Who Uses eCAT

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Dr Alex Swarbrick, Group leader, Cancer research program, Garvan Institute of Research, Sydney, Australia

Posted by admin on August 10th, 2010 @ 1:01 pm


“One of the best features I like about eCAT is it’s ability to bring together disparate bits of information that occur in different places as well as different times and to have all that in one place that gets archived and backed up centrally.”

About the Swarbrick lab

The Swarbrick lab investigates the protein coding genes and microRNAs controlling the self renewal, differentiation and metastasis of cancer cells. Alex aims to expand the basic understanding of cancer progression to allow the development of better therapeutic strategies for hard-to-treat cancers. His lab uses a range of model systems, including 2D and 3D cell culture, animal models and human tissues. They also collaborate closely with  colleagues in the Cancer Research Program who bring expertise in signal transduction, anatomical pathology, tissue banking and developmental biology.


“Many of our projects are collaborative projects between several people, some of them all in the same lab, some in other parts of the building or the Institutute.  So, finding a way to combine data, combine experimental ideas, and put that all in one place has always been a real challenge.

Another major challenge has been sharing of reagents. We have a large database of cell lines, mouse tissues, and other biological resources as well as protocols that it’s always been very hard to manage using paper-based records.


We use eCAT as an experimental labbook for all the people in the lab.  They enter all the key information, everything from background through to methods, protocols and results and discussion into eCAT.

The other fantastic feature of eCAT that we use a lot is this ability to include metadata and links within records, so when it comes to managing biological samples this is really important.  So when we have transgenic mice we can track the mouse, the tissues that were made from the mouse, the extracts from the tissues, then the analyses on those extracts and keep them all linked through eCAT.


The way that eCAT helps us is manyfold.  With eCAT we can link to established protocols — instead of having to write out detailed protocols every time someone does an experiment they can link to established protocols as well as putting in some relevant modifications.  By putting in primary data it brings all these disparate data types together so electronic data as well as text and so on into one place and we don’t have to go digging through a server trying to find the relevant Excel file or image or Affymetrix transgenic profiling data set.  That can all live in one place and it’s very easy to find.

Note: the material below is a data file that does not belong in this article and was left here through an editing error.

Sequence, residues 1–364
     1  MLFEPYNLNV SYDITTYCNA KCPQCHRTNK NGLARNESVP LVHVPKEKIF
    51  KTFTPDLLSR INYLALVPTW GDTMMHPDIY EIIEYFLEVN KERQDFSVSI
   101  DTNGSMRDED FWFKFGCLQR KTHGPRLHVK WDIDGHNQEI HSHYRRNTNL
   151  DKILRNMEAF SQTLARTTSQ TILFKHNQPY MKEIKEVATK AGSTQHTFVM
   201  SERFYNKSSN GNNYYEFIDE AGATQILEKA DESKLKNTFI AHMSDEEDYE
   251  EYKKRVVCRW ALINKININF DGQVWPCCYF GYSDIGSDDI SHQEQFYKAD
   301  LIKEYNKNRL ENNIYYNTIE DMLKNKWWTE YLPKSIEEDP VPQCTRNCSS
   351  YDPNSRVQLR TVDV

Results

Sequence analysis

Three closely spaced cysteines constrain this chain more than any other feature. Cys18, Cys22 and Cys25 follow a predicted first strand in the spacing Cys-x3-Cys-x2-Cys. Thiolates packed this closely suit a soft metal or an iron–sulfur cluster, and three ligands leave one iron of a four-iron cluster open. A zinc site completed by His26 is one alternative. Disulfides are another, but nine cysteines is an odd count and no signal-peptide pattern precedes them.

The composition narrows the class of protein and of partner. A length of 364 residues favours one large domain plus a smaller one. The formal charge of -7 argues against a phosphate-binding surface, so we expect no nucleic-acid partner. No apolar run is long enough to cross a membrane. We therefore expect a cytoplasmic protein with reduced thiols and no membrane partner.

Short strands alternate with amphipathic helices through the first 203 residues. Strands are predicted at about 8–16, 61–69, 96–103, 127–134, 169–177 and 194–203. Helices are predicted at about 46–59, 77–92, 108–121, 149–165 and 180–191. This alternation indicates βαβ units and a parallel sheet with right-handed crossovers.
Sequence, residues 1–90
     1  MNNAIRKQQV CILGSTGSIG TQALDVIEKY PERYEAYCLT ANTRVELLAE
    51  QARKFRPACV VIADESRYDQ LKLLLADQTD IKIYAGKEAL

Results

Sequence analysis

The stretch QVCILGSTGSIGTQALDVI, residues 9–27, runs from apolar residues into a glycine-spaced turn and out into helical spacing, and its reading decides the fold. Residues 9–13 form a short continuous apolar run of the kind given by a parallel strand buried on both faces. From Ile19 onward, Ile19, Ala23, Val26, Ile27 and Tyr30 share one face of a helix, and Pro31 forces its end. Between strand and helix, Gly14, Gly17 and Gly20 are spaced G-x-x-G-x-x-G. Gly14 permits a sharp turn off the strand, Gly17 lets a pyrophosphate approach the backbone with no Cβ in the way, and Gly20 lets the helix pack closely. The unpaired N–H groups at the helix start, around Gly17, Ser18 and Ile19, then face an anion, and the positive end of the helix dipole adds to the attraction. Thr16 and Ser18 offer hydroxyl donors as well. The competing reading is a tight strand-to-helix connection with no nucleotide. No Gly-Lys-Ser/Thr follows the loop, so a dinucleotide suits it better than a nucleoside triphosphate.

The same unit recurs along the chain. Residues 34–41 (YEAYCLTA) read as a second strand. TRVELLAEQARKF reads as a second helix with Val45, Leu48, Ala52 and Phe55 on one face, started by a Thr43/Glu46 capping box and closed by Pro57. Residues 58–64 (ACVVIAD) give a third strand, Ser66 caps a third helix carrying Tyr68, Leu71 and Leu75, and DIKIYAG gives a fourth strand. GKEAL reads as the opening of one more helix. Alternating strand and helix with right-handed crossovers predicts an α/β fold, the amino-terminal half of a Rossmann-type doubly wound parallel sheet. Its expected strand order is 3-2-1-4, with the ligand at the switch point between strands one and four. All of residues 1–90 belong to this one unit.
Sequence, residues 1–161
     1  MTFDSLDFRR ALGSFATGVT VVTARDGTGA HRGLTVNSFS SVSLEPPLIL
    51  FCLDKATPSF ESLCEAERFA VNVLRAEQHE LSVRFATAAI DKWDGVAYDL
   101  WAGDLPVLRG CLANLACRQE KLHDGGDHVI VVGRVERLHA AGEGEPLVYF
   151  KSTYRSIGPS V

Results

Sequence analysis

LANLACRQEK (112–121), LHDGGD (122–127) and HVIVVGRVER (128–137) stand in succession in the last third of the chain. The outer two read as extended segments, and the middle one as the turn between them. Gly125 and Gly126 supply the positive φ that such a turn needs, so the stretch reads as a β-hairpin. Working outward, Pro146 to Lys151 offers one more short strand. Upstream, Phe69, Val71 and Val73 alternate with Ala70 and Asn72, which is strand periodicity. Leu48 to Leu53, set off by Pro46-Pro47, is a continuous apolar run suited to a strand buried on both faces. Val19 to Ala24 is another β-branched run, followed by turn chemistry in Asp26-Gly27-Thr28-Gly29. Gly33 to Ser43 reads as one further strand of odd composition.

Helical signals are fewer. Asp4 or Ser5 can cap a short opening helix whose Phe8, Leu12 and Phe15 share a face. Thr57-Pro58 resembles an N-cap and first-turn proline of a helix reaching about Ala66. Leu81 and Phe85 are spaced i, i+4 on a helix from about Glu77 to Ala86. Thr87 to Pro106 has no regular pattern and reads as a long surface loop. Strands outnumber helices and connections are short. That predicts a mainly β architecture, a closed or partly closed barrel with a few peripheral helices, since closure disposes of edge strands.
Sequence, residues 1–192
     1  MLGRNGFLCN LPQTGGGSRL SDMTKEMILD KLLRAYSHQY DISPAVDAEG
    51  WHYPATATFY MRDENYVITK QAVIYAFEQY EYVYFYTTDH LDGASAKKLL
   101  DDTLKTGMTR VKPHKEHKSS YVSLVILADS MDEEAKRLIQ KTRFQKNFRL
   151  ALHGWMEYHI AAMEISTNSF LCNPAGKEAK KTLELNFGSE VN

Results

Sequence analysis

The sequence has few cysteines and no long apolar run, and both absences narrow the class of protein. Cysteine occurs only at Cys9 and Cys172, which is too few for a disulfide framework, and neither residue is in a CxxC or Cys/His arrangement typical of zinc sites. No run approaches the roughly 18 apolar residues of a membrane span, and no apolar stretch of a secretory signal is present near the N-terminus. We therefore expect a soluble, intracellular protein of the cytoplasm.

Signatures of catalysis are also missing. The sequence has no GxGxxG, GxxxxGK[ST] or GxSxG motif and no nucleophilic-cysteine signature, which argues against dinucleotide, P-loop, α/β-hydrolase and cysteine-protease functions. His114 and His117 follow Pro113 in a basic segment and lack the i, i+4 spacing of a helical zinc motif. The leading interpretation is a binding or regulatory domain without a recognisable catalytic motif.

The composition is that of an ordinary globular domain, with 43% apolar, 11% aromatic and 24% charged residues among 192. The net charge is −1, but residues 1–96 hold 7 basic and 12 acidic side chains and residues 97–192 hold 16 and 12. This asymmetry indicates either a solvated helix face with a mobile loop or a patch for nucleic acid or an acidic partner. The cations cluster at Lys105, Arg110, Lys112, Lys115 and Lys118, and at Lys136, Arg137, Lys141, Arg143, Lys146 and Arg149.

When we are managing biological samples we can easily track data — for example in the case of transgenic mice the mouse, the tissues that were made from the mouse, the extracts from the tissues, then the analyses on those extracts — through an experiment whereas doing it with a paper-based approach would be extremely difficult.

The great thing is that people who are working on the project, including myself, can access that and be up to date with what”s happening, make annotations, make changes and suggestions, so it really makes it a much better collaborative situation.”

Professor Mike Shipston, Director of The University of Edinburgh’s Centre for Integrative Physiology

Posted by Rory on June 30th, 2010 @ 6:40 pm

“It was a major surprise; transferring to an electronic lab notebook is actually very easy.”

About the Shipston lab

“We’re interested in ion channel physiology.  We look at post transcriptional and post translational mechanisms of ion channel regulation. That goes from the regulation of alternative splicing to regulation of simple ion channel proteins through to the behavior of ion channel intact organisms such as transgenic mice.  So our work spans the remit of molecular biology, protein biochemistry, high resolution cell imaging, electro physiology, right up to behaviorial studies in animals.


We generate a wide variety of types of data sets, for example data from molecular analysis, quantitative analysis, for example quantitative RTPCR, gene cloning, through to electrophysiological analysis, for example from confocal images and total internal reflective microscopy right up to to behaviorial assays in animals.  So it’s really about coordinating those types of data sets that fit together, keeping them contained within projects, because the data sets are derived from different people within the lab.  Also we have a very big extended network both in the UK and across Europe and the US.  Its about keeping that information together.

We have a large number of people coming in and out of the lab, the challenge is keeping track of that data and integrating it in with data from existing projects.


We use eCAT as a cataloging and information retrieval system.  We can keep catalogs of resources  and protocols up to date and exchange that very effectively between lab members.

We also use eCAT as an eELN.  The great thing about eCAT is its incredibly flexible in terms of how you can set it up.  For example each member of the lab has their own folders and put their own experiments within that, but its every easy to put that information together.


It was a major surprise; transferring to an electronic lab notebook is actually very easy.

The other thing is because eCAT is web-based you can access it from anywhere

Having everything tied together under one resource, so results, protocols, constructs, where things are physically, having everything together under one system has just been perfect.”